No Co Ever: Episode 1 from No Compromise Radio on Vimeo.
This was a very good video discussion, regarding the problems with modern Evangelicalism and "The Elephant Room 2" and compromises with T. D. Jakes and his modalism and anti-Trinitarian doctrines and his word of faith/prosperity theology, two very dangerous heresies. And, as Phil Johnson says, "damnable heresies".
I agree with everything these gentleman said on the issues of doctrine and the problems with the Elephant Room 2
. . . except for one small side comment that Carl Trueman made that I think is important for Christians to understand.
The one small comment was one that Carl Trueman made and I am very surprised that he said it. I really appreciate Carl Trueman, and I enjoy his blog at Reformation 21; and I tried to find his email at the Westminster Seminary Website, but I could not. I respect him greatly, and his work in church history and historical theology is very important. So nothing personal is meant here, and I know he is very mature and will take this for the merit of the issue.
When talking about the Christians at the Council of Nicea in 325 AD, Professor Trueman said they were Turks. [around the 31 minute mark] Professor Trueman was right that the men at the Council of Nicea were not "white men", but they were not Turkish either. They were Greeks and Egyptians and Syrians (The Syrians before the Arabs conquered them in the 600s AD.) That is an amazing mistake by a church history professor, in my opinion. They were mostly Greeks, Syrians, 2 Latins from Rome, and Egyptians (Athanasius, for one) and others from around the Roman Empire. The Turks did not live in what is today called Turkey at the time of the Council of Nicea. The Turks (Seljuk and Ottomans) did not come to that land until before the Crusades (1071 AD) and they did not completely conquer the area known as Anatolia and Constantinople until 1453 AD. No Turks lived in these areas in the New Testament days nor in early church history until the 900s AD! It is possible that there were some Turkic peoples there from the time of Attila the Hun in the 400s, but not that many, and not any in 325 AD.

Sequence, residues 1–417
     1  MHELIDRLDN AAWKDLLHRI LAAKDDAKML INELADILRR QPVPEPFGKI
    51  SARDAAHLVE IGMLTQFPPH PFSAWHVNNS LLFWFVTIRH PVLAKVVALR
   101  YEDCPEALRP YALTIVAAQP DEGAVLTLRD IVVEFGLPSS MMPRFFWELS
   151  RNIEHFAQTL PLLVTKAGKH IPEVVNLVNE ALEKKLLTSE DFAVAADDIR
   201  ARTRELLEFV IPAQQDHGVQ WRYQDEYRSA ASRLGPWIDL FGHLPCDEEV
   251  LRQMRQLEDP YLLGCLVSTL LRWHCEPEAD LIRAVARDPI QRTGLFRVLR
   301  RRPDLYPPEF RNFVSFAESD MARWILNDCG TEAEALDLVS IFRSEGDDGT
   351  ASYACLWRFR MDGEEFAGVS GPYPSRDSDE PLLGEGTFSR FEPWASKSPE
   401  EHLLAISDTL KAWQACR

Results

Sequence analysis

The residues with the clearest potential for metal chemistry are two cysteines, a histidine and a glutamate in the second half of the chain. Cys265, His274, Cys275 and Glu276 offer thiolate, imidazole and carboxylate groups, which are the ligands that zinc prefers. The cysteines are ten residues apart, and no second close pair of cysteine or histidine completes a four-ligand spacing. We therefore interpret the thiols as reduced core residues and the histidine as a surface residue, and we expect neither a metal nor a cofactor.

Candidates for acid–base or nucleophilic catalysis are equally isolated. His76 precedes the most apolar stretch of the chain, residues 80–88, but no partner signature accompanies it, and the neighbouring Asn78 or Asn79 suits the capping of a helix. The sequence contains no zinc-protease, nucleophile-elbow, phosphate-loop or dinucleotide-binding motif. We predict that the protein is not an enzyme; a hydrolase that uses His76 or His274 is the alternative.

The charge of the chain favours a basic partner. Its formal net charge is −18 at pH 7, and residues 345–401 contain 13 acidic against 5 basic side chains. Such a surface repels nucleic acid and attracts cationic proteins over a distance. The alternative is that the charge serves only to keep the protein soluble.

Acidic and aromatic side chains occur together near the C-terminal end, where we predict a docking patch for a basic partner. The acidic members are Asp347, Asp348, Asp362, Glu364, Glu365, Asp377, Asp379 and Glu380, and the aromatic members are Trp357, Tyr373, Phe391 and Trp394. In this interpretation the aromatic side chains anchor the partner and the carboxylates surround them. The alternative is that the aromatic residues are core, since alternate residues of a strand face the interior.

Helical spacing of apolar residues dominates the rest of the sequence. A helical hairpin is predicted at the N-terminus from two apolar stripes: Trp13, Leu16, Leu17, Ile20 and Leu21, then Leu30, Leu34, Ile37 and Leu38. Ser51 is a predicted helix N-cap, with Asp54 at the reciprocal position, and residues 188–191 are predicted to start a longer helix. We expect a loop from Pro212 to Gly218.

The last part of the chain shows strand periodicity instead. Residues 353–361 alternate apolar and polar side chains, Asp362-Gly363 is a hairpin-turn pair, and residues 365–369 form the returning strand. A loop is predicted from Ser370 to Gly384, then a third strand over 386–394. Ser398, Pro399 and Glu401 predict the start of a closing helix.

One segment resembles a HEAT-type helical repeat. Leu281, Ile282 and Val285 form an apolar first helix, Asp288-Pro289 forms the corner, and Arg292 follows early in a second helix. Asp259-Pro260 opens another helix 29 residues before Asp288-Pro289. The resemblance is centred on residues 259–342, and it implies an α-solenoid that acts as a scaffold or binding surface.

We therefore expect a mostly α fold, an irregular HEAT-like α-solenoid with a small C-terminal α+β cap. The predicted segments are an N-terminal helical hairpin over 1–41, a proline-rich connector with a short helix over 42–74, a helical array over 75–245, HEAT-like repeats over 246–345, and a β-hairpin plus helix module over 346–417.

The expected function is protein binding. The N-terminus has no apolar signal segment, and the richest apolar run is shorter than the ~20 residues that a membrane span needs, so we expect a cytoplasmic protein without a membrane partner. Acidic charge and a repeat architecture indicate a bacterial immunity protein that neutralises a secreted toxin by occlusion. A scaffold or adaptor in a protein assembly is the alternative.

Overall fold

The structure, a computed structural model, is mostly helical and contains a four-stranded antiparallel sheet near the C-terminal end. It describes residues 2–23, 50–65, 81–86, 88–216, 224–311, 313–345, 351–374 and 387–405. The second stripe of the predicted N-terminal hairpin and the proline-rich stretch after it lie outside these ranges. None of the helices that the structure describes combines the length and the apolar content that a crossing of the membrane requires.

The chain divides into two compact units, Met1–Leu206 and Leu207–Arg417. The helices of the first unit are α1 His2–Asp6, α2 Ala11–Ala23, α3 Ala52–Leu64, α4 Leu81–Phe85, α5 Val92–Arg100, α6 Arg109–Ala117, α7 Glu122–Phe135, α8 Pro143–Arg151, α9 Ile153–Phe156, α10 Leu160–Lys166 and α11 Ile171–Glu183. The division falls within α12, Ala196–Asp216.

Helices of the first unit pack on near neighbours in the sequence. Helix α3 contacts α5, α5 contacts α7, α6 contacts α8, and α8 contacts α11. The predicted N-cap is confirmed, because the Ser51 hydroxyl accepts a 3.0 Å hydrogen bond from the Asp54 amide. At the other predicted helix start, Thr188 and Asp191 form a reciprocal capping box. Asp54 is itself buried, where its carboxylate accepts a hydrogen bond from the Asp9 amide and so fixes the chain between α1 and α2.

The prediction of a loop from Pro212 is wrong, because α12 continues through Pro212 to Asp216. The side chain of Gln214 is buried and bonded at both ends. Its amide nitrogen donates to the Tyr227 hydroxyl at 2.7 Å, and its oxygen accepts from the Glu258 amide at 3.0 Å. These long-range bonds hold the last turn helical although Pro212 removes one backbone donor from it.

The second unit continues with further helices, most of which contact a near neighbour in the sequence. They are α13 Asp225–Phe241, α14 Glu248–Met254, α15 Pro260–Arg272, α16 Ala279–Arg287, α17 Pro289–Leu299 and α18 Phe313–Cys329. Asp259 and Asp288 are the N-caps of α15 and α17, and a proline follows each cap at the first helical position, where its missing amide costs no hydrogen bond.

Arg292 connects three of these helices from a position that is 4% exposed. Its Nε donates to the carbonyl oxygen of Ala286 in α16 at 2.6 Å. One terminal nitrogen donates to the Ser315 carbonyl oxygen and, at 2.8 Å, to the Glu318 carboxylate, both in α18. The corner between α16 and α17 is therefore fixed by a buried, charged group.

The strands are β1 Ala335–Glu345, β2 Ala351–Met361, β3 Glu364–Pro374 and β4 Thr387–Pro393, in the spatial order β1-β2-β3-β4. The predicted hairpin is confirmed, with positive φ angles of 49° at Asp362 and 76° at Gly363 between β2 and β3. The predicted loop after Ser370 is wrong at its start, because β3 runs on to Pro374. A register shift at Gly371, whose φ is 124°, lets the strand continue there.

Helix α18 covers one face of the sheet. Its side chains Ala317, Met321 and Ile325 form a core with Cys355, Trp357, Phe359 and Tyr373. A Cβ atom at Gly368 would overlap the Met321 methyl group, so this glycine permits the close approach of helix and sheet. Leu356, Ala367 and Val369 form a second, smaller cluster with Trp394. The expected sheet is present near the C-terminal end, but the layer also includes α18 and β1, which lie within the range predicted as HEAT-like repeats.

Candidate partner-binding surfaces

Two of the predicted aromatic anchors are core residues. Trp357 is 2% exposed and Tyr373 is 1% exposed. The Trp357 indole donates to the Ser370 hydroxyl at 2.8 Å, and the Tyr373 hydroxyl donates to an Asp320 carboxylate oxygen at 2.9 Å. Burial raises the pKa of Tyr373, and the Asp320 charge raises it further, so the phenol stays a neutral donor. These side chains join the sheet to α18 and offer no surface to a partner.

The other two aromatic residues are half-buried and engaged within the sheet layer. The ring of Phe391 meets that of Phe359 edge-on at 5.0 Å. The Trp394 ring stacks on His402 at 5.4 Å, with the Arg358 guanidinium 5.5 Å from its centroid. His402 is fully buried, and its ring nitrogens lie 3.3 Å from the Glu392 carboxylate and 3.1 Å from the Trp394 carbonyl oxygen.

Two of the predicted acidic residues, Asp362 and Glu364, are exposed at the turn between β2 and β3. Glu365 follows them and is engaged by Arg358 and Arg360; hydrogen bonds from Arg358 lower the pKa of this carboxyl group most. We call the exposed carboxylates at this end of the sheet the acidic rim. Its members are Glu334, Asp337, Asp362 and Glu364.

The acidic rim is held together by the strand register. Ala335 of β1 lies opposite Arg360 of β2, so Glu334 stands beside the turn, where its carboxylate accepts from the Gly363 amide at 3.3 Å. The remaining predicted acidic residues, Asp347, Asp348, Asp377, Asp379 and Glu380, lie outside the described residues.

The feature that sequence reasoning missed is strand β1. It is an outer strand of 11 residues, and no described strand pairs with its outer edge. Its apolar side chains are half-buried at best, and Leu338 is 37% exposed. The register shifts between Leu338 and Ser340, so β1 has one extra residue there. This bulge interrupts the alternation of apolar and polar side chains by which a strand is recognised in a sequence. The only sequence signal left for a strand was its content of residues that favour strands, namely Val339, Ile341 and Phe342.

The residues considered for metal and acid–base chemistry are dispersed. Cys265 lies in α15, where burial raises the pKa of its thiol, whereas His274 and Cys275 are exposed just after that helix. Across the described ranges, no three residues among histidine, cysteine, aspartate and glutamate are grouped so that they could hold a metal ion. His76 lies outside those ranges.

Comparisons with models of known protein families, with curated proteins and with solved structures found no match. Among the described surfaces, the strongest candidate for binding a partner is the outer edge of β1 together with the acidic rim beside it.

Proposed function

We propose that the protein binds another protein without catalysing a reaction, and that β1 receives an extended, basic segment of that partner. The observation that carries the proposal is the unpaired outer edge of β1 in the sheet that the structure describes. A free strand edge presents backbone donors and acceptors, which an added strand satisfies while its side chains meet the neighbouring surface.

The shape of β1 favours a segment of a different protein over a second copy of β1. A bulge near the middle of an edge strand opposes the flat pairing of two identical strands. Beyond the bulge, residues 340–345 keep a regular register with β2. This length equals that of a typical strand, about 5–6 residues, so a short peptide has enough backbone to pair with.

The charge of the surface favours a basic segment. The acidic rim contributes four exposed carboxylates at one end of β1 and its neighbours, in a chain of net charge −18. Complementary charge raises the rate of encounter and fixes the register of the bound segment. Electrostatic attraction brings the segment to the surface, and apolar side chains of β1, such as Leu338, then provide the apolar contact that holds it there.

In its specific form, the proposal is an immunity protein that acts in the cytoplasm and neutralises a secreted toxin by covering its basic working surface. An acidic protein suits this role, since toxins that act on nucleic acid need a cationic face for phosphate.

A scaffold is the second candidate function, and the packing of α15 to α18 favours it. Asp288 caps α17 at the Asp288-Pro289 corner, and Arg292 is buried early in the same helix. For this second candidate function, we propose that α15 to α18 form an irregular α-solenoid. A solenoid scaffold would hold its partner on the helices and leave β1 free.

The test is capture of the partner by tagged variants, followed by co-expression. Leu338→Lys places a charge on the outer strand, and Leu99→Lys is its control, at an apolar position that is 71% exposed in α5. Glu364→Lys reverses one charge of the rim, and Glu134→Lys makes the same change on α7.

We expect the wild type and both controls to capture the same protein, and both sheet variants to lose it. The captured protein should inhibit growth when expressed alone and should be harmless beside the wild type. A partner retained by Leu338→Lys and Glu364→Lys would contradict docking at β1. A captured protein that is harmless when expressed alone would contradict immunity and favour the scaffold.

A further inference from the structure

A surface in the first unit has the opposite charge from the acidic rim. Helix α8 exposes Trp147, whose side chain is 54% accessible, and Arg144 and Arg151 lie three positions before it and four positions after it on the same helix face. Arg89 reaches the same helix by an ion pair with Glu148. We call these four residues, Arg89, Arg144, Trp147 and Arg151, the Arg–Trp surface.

It is amazing to me that people don't take the time to study what happened to the Greeks and the Byzantine Empire. The Arabs first attacked after they conquered Syria/Palestine and Persia and N. Africa. (632-722 AD) They tried to take Constantinople in the 600s and 700s but failed.
The Arab Muslims converted the Persians by force (Jihad, Qatal, Harb) from the 630s into the 900s. Jihad جهاد (struggle/effort/striving) and Qatal قتل (the word for "slay" or "fight" = "fighting to the death" in battle - Surah 9:5, 9:29) and Harb حرب (War) are integral aspects of Islam from the time Muhammad conquered Medina in 622 AD.
Then the Arab Muslims converted the Turkic peoples of Central Asia, starting in the 600s, and by the 900s AD, the animist Turks had become Muslim. (Today these areas are called Turkmenistan, Azerbaijan, Uzbekistan, Kazakhstan, Kirghestan, etc. Tajikistan is mostly a Persian speaking area - ethnically the Tajiks and southern areas of Uzbekistan are Tajik-Persian (Bukhara and Samarqand) ethnically and were part of the old Persian Empire. The Arab Muslims also converted the Kurds to Islam by force. Saladin ("Salah e din" = صلاح دین = "genuine religion"), the famous Muslim leader against the Crusaders, was Kurdish. Today the Kurds are spread throughout western Iran, Northern Iraq, Eastern Turkey, and the top corner of Syria.